For the past day or so I’ve had a browser window open with the latest US Airways purchase miles offer which runs through February 28. Because I’m being offered a 100% bonus, but not only is it ‘targeted’ this time (only some people have the offer) the offer varies for different folks. And I’ve been trying to sort out US Airways’ thinking here.
Some people get a 100% bonus, some people as little as 50%, and some people no bonus at all.
When you go to the purchase miles page they make you identify yourself.
Then they present you with your offer, here’s the one I got:
If you didn’t get a 100% bonus, but you want one and know someone that did then remember that the bonus applies to buying miles and gifting miles. So that person can buy themselves 100,000 miles and could gift the same to you.
And again, like the American Airlines bonus, points purchases are processed through points.com so they do not appear as though they are airline purchases — and hence do not earn bonuses with credit cards that give extra points for those.
Kids Who Like Data Playing With Targeting Software and Psychology
Isn’t it funny that a 50% buy miles bonus at American generates a price of 2 cents per mile, while a 100% bonus offer with US Airways generates a price of 1.88 cents?
US Airways used to be on of the cheapest to buy miles from, back when they started selling miles with bonuses nearly every month. But they’ve since both raised the price of miles and raised the price of most awards.
It’s interesting that they’ve bumped up the price of miles significantly at the same time they’re constantly discounting those miles. It almost seems like a Groupon for Lasik eye surgery, angling for the biggest headline discount they can come up with. Only I feel much more comfortable buying miles from
Groupon than I do cut-rate surgical procedures.
US Airways has much more complex targeted and data analysis tools at their disposal, as well, than they had back when they began selling miles at such a deep discount. And so we see many more targeted offers than we used to.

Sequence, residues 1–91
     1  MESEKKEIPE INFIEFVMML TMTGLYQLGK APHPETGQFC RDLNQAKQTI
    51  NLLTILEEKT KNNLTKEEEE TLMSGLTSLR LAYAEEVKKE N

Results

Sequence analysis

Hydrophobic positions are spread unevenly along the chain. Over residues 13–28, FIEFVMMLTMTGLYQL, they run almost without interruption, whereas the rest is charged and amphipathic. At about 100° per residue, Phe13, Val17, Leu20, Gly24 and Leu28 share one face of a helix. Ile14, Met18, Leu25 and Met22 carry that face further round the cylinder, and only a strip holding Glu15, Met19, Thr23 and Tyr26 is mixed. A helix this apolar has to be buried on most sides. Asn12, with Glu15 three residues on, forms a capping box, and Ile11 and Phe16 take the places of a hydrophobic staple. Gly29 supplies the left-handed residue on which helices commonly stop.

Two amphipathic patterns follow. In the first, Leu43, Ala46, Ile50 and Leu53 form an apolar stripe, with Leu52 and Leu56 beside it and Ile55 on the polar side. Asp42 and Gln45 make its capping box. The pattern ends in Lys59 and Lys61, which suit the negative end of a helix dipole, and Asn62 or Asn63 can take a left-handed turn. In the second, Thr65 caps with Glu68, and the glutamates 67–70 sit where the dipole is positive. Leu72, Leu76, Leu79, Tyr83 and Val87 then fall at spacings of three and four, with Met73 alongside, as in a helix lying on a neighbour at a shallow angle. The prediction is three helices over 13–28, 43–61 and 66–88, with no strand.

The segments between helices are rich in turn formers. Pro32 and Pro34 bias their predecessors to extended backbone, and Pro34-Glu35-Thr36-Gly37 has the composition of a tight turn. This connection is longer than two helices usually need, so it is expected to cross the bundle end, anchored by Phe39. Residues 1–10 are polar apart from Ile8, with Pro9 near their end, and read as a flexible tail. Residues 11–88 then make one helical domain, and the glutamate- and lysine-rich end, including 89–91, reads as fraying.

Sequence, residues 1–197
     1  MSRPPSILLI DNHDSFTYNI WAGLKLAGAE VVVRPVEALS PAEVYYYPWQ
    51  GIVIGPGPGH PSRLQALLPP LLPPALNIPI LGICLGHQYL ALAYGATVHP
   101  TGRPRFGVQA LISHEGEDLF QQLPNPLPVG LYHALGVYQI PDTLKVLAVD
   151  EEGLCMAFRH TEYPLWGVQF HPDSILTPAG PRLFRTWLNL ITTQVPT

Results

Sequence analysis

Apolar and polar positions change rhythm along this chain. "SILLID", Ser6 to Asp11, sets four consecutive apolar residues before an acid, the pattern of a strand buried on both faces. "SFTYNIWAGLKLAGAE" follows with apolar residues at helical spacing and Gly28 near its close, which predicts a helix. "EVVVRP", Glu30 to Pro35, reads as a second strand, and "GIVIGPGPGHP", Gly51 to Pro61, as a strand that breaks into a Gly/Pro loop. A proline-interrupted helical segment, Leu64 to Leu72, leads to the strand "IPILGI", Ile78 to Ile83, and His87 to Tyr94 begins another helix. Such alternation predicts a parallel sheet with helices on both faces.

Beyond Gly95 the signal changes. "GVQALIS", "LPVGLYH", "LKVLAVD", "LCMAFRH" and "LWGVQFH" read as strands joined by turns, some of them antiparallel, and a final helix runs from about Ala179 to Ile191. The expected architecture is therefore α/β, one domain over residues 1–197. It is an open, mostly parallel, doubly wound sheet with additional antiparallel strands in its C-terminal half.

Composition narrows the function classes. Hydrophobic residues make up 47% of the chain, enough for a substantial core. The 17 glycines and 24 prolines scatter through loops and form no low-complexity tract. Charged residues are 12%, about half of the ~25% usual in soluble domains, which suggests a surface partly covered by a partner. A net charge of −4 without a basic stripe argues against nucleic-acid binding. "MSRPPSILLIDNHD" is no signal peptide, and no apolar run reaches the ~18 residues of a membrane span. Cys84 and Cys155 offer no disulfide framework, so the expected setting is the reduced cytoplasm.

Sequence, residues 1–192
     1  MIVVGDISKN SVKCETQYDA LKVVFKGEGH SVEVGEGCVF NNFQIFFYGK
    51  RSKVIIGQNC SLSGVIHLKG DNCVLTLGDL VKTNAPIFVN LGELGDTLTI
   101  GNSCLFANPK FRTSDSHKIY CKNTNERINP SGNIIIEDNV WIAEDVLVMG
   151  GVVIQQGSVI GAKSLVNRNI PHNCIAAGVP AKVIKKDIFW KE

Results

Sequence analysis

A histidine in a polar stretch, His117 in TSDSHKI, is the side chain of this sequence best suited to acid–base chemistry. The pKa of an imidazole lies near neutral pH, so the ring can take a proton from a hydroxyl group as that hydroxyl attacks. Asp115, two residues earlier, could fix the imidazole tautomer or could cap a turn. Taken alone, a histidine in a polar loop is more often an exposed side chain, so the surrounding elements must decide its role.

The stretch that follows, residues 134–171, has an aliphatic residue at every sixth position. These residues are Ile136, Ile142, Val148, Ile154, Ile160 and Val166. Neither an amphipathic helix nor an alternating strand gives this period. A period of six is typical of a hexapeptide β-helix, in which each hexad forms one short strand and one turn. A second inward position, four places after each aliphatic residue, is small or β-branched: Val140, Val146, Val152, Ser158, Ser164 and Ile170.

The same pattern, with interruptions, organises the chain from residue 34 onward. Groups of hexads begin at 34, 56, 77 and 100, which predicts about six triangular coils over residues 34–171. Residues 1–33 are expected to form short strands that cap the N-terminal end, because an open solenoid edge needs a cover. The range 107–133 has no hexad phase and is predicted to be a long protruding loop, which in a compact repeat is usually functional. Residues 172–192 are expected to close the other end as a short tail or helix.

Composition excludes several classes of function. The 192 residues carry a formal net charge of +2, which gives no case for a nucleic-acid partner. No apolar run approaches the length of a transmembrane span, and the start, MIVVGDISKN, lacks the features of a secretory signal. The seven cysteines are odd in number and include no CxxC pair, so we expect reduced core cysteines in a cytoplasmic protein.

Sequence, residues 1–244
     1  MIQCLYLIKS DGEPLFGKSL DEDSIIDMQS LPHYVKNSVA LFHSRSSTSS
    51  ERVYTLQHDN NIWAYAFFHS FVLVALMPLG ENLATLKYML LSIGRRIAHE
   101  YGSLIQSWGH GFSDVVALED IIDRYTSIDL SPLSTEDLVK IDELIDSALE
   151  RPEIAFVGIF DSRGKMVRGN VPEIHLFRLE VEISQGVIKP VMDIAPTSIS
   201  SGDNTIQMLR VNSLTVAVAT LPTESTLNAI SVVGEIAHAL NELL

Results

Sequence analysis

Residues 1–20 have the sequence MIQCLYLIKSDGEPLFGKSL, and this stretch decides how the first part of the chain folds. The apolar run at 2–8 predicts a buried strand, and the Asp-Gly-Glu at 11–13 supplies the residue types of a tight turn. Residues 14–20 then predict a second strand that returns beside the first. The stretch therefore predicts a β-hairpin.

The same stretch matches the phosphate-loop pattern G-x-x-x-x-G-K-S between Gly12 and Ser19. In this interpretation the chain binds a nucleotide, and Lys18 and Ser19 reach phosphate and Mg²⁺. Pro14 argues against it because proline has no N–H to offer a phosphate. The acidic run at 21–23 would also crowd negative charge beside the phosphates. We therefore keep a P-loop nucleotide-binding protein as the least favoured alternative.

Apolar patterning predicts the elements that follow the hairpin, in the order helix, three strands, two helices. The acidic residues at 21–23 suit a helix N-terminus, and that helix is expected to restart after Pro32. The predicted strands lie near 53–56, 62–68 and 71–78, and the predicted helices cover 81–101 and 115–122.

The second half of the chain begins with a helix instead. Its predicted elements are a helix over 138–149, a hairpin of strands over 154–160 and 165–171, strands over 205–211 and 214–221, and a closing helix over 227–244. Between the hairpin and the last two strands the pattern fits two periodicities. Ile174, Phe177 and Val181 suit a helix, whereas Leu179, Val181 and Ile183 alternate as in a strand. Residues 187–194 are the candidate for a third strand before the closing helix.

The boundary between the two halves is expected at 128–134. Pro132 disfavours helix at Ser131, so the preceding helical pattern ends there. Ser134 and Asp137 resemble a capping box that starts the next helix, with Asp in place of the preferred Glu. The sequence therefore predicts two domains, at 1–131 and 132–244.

Although I’m genuinely curious what they could possibly be learning that then becomes actionable at the point where they keep running 100% bonuses. They can’t possibly be learning they don’t need 100% bonuses. And if they learn that some subsets of their member base are more likely to respond then what of it? Might as well make the offer available to everyone. The only things that could come of this are a means of segmenting customers (some would be willing to buy without the bonus or without as big of a bonus?) or excluding folks who redeem for high value rewards (but that’s not happening when they keep targeting me). So they experiment and play with their software and we’re left trying to figure out towards what end..
An American Airlines Buy Miles Strategy
If you’re targeted for a 100% bonus from US Airways Dividend Miles you can buy up to 100,000 miles (50,000 purchase plus 50,000 bonus) for 1.88 cents per mile. That’s 6% cheaper than American’s 50% bonus offer.
Or, you can get around the 60,000 mile purchase limit that American has.
Of course you have to believe that American and US Airways will merge. Most people believe that at this point, leaked stories in the Wall Street Journal are even that they’re talking about how to buy out remaining entrenched interests that might stand in the way.
And you wouldn’t be able to use the US Airways miles for oneworld for quite some time, or combine miles from the two programs for awhile.
But if you were buying miles for later use then it’s the case that the US Airways offer is cheaper. I do consider there to be greater than 6% risk in this strategy though so I’m not sure I would use the US Airways approach as a way to get American miles cheaper than American sells them. But some will.
The risk in buying miles for future use
US Airways hasn’t devalued their award chart in three years. There are some amazing values in that chart. A great strategy is to top off an account and redeem an award now. A less good strategy is betting that the miles you buy now will be worth as much in the future.
I’ve been expecting a devaluation, especially with as many miles as they sell ‘on the cheap’. They’ve also been rumored as one of the programs considering upending their business model and going revenue-based.
The expectation of an American Airlines merger is what changes all of this, I think they’d adopt the American Airlines award chart which is in many (though not all) cases more expenses but it would also mean – I would think – forestalling major devaluation. The last thing companies usually want to project to their customers during a merger is major upheaval, they tell folks that they’re going to “combine the best of both programs” while making some “changes you’re going to like.” And they wait through the honeymoon period before dramatic change. That’s my guess anyway!